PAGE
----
Many hail “The Godfather II” and “The Empire Strikes Back” as sequels that lapped the original.
You could argue the same for “Aliens” and “Terminator 2: Judgment Day.”
They’re the exceptions that prove the rule. It’s almost impossible to make a sequel that eclipses the source material. That’s certainly true for “The Descent Part 2.”
The 2009 film didn’t even get a U.S. theatrical release and lacks the cult status of director Neil Marshall’s original. That doesn’t mean it should be overlooked, especially at this time of the year.
Sarah (Shauna Macdonald) survived the harrowing events of the first film but has no memory of what transpired. So when local law enforcement asks her to go back into the infamous cave to see if she can help find her old frenemy Juno (Natalie Mendoza) she agrees.
It’s hard to swallow that plot device, full stop.
You can predict what happens next, and the sense of terror isn’t the same as the first time around. Still, those milky white creatures remain the stuff of nightmares, and Macdonald proves a solid genre performer once more.
Horror hounds will get their fix of creative kills and gore, and the third-act tension is as taut as possible.
Marshall has a tortured relationship with “Part 2.” He served as the executive producer and his original “Descent” editor, Jon Harris, helmed the sequel. Years later, he looked back at “Part 2” with little love. He told the studio not to make a sequel in the first place, advice that was summarily ignored given the original’s success.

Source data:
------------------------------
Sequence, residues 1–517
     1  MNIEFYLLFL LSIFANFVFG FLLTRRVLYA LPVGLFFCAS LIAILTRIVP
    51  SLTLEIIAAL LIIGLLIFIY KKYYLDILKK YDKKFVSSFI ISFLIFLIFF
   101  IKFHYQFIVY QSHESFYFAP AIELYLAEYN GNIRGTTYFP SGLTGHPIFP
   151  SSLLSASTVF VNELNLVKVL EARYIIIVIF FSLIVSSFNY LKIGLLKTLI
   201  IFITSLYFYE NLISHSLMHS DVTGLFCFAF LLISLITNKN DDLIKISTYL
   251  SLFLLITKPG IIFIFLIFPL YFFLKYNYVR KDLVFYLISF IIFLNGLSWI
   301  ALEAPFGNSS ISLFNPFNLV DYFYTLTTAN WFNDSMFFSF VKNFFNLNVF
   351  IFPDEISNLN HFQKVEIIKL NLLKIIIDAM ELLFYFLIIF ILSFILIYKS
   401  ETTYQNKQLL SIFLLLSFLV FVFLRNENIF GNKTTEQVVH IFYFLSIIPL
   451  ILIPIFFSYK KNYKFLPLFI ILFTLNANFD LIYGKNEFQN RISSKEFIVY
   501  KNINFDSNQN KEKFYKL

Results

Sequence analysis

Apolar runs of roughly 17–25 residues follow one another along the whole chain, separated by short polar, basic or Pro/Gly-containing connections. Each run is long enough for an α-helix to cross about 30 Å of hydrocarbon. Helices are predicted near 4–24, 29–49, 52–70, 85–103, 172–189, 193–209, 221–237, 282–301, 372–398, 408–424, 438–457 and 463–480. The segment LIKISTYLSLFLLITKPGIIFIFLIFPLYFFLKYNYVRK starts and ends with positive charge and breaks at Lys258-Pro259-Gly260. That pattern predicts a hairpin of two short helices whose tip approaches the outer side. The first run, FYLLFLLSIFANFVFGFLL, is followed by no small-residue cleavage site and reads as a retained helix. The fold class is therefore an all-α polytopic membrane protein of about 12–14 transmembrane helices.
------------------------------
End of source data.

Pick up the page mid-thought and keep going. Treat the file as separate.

He adds that his suggestions for the sequel were similarly discarded.
For my money, the sequel was totally unnecessary. The first film resolves itself, whichever ending you choose. It wraps it up in a way that was bleak, whichever way you cut it. The second film began and it didn’t pick up from either ending.
He’s referring to different versions of “The Descent” which offered separate resolutions for Shauna’s character.
For what it’s worth, Marshall has yet to replicate the greatness of “The Descent.” His recent films have veered from forgettable to awful, with “The Lair” checking in as one of 2022’s worst films.
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